The Parts Alliance’s Chief Executive Peter Sephton said he was excited to be welcoming new colleagues from BMF to the HgCapital-backed Parts Alliance group ‘family’.

He said: “Bromsgrove Motor Factors is a great business with outstanding customer and staff loyalty, providing local service in the Worcestershire area, and adds to our national strength.”

“This deal is an early demonstration of our declared aim to grow quickly, both organically and through the acquisition of successful parts distributor companies, large and small.”

When Sephton became Chief Executive of The Parts Alliance in April of this year, he retained his role as Group CEO of the HgCapital-owned Parts Alliance members that trade under local brand names and are organised into The Western Alliance and The Eastern Alliance.

“Since our investors HgCapital bought those businesses we have made significant strides in bringing them together, integrating best practice and introducing unified systems while encouraging a common vision and culture, but retaining the local brands, entrepreneurial spirit and customer focus,” said Sephton.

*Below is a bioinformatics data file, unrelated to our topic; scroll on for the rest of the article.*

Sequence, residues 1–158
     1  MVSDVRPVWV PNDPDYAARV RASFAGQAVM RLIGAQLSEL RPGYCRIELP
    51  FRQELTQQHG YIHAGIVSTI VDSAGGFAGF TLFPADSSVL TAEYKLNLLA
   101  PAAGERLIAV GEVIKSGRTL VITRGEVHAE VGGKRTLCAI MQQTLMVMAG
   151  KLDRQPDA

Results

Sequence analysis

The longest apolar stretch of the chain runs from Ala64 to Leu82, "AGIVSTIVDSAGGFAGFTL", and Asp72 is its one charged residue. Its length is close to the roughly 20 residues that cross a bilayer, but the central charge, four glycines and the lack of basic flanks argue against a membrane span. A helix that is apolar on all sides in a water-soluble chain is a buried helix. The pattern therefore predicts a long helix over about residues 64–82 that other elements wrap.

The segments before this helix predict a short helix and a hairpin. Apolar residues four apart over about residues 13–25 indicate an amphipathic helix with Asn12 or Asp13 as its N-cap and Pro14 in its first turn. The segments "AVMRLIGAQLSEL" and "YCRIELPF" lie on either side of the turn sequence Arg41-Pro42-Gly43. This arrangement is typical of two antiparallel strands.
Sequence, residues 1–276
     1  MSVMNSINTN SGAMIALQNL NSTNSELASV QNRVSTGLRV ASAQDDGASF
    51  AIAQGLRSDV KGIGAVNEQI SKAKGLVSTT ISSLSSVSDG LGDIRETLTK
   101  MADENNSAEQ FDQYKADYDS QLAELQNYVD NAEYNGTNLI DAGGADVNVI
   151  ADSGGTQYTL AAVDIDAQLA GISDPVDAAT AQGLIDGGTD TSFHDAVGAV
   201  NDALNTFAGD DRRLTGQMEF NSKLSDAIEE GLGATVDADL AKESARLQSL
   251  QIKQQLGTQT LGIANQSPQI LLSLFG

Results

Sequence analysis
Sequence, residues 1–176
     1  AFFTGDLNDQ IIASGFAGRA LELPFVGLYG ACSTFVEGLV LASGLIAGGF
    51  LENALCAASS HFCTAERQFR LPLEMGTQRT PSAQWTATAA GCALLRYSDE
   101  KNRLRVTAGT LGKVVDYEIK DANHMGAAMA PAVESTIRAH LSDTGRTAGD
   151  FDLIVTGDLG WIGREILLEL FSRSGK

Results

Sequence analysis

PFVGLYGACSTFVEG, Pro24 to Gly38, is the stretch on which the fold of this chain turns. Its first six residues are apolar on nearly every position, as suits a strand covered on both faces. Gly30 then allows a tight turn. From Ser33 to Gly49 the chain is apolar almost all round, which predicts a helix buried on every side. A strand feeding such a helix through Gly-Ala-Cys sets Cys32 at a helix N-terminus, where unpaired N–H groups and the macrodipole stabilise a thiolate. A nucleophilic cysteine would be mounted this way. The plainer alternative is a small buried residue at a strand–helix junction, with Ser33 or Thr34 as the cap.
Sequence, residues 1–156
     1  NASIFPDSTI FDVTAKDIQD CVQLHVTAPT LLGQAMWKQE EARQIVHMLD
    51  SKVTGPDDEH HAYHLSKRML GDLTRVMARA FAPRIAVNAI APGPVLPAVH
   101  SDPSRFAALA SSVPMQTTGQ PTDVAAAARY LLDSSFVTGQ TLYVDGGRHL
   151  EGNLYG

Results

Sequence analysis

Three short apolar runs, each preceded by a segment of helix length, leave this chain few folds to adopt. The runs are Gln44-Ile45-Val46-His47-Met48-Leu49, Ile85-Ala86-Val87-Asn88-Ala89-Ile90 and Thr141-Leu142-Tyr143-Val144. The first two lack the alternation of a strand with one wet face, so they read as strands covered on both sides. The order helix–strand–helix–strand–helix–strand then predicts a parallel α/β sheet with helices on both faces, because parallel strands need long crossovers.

“This investment in our people has delivered a new level of camaraderie and confidence, which will be extended to our new colleagues from BMF, and I am delighted that MD Gary Kennett and Director Anthony Rollings will continue to lead the company and continue to grow the business.

“I am also delighted Gary has agreed to join our senior group leadership team to help us build a national market leader.”